LA PAZ— A protest by Bolivian miners has trapped more than 100 mostly European tourists in the southern Bolivia mining city of Potosi for more than a week.
The protesters piled rocks on the runway of the Potosi airport Friday to prevent a plane from landing to pick up some of the foreign tourists. The miners have also blocked roads into the area for 10 days. The miners have a series of grievances with the government, including a demand to reactivate mines that officials ordered closed and to settle land disputes.>Colombia: New leader
BOGOTA — Juan Manuel Santos, sworn in Saturday as Colombia's 59th president, vowed to cement security gains but declared himself open to dialogue with rebels in hopes of ending the Western Hemisphere's only armed conflict.
Although he was invited, Venezuelan President Hugo Chavez was not among the 14 Latin American and Caribbean leaders, including Felipe Calderon of Mexico and Inacio Lula da Silva of Brazil, attending Saturday's ceremony on the carpeted cobblestones of Bogota's central plaza. Also absent was Chavez's close ally President Evo Morales of Bolivia.
Finland: Deadly contest
HELSINKI — Organizers say a Russian finalist at the annual Sauna World Championships in Finland has collapsed and died, while his Finnish rival was rushed to a hospital.
Spokesman Ossi Arvela says on a website that the annual contest was suspended and police were investigating Saturday's incident in the southern town of Heinola. The Finnish news agency STT said both middle-aged men were seen to have severe burns on their bodies and were given first aid after they collapsed. Competition rules require the sauna to be heated to 230 degrees Fahrenheit with a pint of water added to the stove every 30 seconds. The last person to remain at the sauna is the winner.
Gaza Strip: No power
GAZA CITY — Engineers shut down Gaza City's sole power plant on Saturday because of a lack of fuel, switching off electricity to some half a million people in the midst of a heat wave.
The fuel for the plant is supplied by the rival Palestinian government in the West Bank, which says it has reduced shipments because the Gaza's Hamas government is behind on payments. An engineer at the plant said an emergency fuel shipment was expected today, which would allow them to restart one of the plant's four turbines and supply a few hours of power.
CIUDAD JUAREZ — Some 200 federal police officers assigned to fighting organized crime in this violent border city detained one of their superiors at gunpoint Saturday to protest alleged corruption.
The protesters complained that the commander, identified as Inspector Salomon Alarcon Olvera, had ordered the detention of another officer who had criticized him. They accused Alarcon of having links to drug cartels and participating in kidnappings, killings and extortion.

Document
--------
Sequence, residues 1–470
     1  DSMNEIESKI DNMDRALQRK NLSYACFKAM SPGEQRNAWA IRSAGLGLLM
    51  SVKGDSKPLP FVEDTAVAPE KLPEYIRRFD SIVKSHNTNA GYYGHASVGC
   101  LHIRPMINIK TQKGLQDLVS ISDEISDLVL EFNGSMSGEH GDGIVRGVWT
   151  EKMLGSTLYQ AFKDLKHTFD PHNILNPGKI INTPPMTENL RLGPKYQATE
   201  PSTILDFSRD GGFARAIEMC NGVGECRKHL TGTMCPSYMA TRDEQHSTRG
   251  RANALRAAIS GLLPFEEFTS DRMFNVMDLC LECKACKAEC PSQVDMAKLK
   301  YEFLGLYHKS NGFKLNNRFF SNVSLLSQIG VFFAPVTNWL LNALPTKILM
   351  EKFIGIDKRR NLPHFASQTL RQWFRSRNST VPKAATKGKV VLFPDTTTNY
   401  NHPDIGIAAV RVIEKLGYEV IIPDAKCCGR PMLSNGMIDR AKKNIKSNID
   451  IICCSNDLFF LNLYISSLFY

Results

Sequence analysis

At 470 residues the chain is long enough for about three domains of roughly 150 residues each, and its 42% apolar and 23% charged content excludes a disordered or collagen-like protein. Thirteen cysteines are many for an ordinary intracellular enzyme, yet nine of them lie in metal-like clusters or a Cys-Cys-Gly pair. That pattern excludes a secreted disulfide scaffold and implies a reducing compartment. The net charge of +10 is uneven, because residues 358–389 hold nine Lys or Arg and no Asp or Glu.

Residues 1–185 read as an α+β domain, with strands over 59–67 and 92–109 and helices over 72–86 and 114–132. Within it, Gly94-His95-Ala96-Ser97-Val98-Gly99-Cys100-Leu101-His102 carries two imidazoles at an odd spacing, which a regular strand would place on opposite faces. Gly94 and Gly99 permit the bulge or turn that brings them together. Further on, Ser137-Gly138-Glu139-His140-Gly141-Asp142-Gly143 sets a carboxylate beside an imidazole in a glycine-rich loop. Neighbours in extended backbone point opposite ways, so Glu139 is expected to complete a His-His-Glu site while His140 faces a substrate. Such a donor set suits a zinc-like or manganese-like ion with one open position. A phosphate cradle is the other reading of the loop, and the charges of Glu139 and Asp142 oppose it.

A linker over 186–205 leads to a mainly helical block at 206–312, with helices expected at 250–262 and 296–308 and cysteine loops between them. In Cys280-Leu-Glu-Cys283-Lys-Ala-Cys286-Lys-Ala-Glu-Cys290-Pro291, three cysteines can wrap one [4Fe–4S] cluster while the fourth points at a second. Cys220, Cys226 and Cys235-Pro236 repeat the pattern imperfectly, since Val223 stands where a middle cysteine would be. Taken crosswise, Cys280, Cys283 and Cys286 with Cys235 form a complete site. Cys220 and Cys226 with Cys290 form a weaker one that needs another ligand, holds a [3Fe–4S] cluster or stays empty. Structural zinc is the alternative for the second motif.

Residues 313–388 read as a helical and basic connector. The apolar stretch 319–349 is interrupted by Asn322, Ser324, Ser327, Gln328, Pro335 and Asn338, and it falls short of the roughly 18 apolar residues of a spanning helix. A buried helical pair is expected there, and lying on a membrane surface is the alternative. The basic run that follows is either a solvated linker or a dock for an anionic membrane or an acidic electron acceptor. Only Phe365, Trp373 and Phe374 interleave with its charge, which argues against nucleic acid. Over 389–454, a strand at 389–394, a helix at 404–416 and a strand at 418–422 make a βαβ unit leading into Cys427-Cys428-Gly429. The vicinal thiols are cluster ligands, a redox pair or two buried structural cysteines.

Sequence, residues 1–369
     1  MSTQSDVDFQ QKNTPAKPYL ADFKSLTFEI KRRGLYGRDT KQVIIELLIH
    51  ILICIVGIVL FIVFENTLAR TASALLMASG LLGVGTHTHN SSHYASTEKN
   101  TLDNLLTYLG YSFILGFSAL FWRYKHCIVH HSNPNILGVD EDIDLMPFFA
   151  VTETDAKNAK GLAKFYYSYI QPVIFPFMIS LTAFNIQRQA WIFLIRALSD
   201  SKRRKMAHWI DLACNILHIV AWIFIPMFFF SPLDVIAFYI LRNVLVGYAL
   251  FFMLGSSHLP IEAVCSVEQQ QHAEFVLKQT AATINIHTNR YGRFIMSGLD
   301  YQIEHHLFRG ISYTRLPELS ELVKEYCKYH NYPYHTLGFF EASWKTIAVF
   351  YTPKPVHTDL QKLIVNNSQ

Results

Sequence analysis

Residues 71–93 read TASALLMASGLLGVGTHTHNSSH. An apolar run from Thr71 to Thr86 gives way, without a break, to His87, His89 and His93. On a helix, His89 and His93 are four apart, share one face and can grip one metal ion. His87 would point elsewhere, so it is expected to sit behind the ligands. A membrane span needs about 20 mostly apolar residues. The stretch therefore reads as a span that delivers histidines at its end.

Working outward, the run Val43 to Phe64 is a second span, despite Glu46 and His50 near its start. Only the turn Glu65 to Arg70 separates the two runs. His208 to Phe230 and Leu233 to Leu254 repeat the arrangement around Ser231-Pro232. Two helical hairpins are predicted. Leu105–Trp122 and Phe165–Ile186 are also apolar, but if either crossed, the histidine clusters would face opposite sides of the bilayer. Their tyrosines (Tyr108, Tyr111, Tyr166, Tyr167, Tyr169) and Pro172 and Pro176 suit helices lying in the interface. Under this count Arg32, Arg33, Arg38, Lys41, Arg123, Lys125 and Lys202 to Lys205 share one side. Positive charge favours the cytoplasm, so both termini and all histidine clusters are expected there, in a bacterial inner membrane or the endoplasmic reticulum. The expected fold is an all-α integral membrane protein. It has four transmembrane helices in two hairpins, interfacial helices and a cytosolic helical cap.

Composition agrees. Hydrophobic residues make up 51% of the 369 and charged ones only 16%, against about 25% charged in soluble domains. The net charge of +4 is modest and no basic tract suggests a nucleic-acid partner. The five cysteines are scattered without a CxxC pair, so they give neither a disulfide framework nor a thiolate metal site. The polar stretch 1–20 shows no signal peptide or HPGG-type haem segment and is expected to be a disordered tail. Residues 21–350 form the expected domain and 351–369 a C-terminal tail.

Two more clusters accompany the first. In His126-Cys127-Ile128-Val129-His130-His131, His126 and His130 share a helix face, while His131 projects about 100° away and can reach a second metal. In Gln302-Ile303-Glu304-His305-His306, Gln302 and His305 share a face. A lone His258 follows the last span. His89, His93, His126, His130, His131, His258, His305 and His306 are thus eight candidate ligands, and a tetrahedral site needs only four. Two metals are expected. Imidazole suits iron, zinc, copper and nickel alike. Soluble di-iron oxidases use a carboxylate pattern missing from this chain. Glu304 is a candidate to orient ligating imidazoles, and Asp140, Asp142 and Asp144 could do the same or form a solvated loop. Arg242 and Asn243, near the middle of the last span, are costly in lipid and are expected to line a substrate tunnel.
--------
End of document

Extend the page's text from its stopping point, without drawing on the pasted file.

The demonstration in front of a hotel that houses some federal police offices led to a confrontation with other policemen supporting the commander. Some blows were thrown, and one injured officer was taken away on a stretcher.
Poland: Floods kill 8
WARSAW — Flooding caused by heavy rains has killed at least eight people in Poland, Germany and the Czech Republic, officials said Saturday.
Lenka Moravcova, a spokeswoman for a rescue service in the northern Czech Republic, said three men drowned in a region on the border with Poland and Germany Saturday. A fourth victim was found drowned late Saturday. At least a thousand people had to be evacuated, some from areas below two dams threatened by rising waters.
Saudi Arabia: Twin dies
RIYADH — An Iraqi twin who was joined at the hip with her sister died Saturday, three weeks after separation surgery in Saudi Arabia, a Saudi surgeon said.
The conjoined twins, Zainab and Ruqqaya Naseer, were born June 5 in the Shiite holy city of Najaf, south of the Iraqi capital, Baghdad. They had problems with their digestive and reproductive systems. Saudi King Abdullah had the twins flown to Riyadh and paid for their surgery, which took place in mid-July. Chief surgeon Abdullah al-Rabia said the surviving twin was in stable condition.
U.N.: Raid probed
The U.N. has named representatives of Israel and Turkey to a high-profile panel that will look into Israel's deadly commando raid on a Gaza-bound aid flotilla.
Secretary-General Ban Ki-moon announced Saturday the panel will include Israeli diplomat Joseph Ciechanover and Turkish diplomat Ozdem Sanberk.
The panel will be chaired by former New Zealand Prime Minister Geoffrey Palmer, and its vice-chairman will be outgoing Colombian President Alvaro Uribe. They plan to meet for the first time Tuesday and are expected to submit an initial report in mid-September.
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